All of them are closely related to youth culture and trending crazes.

"We didn't launch a marketing campaign at a specific time to make the brand look younger," said Zou Qian, who is the director of company image planning at Peace Bird.

"We just responded quickly when we noticed some changes in the market when talking to consumers," he added.

The company has worked with French fashion consulting firm MLC to provide training for its teams of designers.

There are now 535 employed by Peace Bird and most are in their late twenties.

Last year, the group invested 81.8 million yuan ($12.3 million) in research and development, an increase of 27.9 percent compared to 2015.

This attention to detail has paid off. The company's "subbrand" Led'In now has 687 outlets across China and targets young women after rolling out a cross-over series with The Smurfs, the Belgian comic franchise, last year.

During a special promotion in May 2016, Led'In sold more than 20,000 items in one day with sales revenue topping more than 8.39 million yuan.

Dedicated followers of Chinese fashion

Annual turnover for Peace Bird, which has 4,145 stores here, exceeded 20 billion yuan last year.

"The things that younger consumers love will be our focus in the future," Zou said. "The target is to work like a representative of the younger generation."

As Wang, of OC&C, explained, this age group, especially those born in the 1990s, has different tastes in terms of design, materials and the personality they want to convey in their fashion.

"They are willing to pay a premium for the added value of the clothes," she said.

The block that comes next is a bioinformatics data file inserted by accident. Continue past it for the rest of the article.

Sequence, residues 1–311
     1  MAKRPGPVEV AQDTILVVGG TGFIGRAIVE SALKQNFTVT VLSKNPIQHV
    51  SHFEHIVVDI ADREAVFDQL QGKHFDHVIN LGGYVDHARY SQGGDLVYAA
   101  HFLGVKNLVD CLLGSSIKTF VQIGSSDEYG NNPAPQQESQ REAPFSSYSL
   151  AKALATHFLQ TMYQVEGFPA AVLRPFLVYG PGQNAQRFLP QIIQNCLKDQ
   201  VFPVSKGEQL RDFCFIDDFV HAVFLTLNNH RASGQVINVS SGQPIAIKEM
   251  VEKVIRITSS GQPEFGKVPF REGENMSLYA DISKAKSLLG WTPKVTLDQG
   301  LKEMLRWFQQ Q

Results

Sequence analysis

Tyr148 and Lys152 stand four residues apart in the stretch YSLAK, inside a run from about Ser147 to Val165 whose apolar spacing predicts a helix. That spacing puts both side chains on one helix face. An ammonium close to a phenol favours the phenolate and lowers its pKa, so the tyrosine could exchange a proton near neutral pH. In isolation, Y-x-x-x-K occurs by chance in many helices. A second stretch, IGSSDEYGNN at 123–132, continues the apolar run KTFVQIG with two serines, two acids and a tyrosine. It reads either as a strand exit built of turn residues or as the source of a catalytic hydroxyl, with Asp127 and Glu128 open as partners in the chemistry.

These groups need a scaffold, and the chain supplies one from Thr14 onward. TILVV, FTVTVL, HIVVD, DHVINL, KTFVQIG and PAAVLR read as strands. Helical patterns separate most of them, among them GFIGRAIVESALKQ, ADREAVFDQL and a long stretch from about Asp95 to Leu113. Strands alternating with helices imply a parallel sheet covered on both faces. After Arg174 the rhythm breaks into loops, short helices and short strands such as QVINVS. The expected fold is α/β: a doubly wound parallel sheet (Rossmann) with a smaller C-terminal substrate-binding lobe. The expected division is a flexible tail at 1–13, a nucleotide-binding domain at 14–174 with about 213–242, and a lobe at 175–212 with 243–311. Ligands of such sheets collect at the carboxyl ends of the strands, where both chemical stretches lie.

Naturally, this has resulted in brands which target only a niche market.

Not everybody will fall in love with their designs but they will establish a loyal clientele.

JNBY, which is based in Hangzhou, Zhejiang province, is one such label.

Founded in 1994, the group's clothes are stamped with strong Chinese characteristics, which can be seen in the color, textiles and style of the clothes.

The Hong Kong-listed company reported sales revenue of 1.3 billion yuan in the first half of the 2016-17 financial year, which ended on Dec 31, 2016.

Gross profit increased by 25.9 percent to 843 million yuan year-on-year.

Frank Zhu, the chief financial officer of JNBY, confirmed that the company's customers are mostly aged between 25 and 35.

He also pointed out that JNBY's clientele has been increasing steadily during the past four years. By the end of last year, the company had 1,498 stores in China, as well as outlets in Japan, South Korea and Israel.

"We would like to attract more young consumers to become the frequent buyers of our clothes," he said. "Although some young people will follow their idols' style, some of them prefer clothes that are different and explore personality.

"We have seen that this group is expanding," he added. "This has become one of the major incentives for us to come out with more designs."